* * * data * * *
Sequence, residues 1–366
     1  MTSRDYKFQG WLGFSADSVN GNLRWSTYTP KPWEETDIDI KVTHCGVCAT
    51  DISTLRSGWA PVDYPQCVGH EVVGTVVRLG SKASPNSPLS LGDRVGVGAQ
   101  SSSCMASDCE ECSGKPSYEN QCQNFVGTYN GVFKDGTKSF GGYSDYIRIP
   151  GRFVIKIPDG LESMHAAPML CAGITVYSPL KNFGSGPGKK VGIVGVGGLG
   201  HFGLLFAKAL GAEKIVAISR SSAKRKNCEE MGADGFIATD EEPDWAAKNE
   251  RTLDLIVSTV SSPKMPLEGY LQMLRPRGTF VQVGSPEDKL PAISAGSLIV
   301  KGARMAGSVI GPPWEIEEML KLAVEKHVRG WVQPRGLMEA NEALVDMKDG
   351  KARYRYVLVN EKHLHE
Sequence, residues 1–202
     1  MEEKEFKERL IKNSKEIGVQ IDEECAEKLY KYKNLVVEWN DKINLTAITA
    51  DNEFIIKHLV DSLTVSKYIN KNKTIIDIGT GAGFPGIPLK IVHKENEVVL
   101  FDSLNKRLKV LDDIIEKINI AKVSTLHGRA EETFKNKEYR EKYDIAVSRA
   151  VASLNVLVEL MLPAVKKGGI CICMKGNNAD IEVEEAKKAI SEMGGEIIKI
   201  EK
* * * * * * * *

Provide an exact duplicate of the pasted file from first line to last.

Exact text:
Sequence, residues 1–366
     1  MTSRDYKFQG WLGFSADSVN GNLRWSTYTP KPWEETDIDI KVTHCGVCAT
    51  DISTLRSGWA PVDYPQCVGH EVVGTVVRLG SKASPNSPLS LGDRVGVGAQ
   101  SSSCMASDCE ECSGKPSYEN QCQNFVGTYN GVFKDGTKSF GGYSDYIRIP
   151  GRFVIKIPDG LESMHAAPML CAGITVYSPL KNFGSGPGKK VGIVGVGGLG
   201  HFGLLFAKAL GAEKIVAISR SSAKRKNCEE MGADGFIATD EEPDWAAKNE
   251  RTLDLIVSTV SSPKMPLEGY LQMLRPRGTF VQVGSPEDKL PAISAGSLIV
   301  KGARMAGSVI GPPWEIEEML KLAVEKHVRG WVQPRGLMEA NEALVDMKDG
   351  KARYRYVLVN EKHLHE
Sequence, residues 1–202
     1  MEEKEFKERL IKNSKEIGVQ IDEECAEKLY KYKNLVVEWN DKINLTAITA
    51  DNEFIIKHLV DSLTVSKYIN KNKTIIDIGT GAGFPGIPLK IVHKENEVVL
   101  FDSLNKRLKV LDDIIEKINI AKVSTLHGRA EETFKNKEYR EKYDIAVSRA
   151  VASLNVLVEL MLPAVKKGGI CICMKGNNAD IEVEEAKKAI SEMGGEIIKI
   201  EK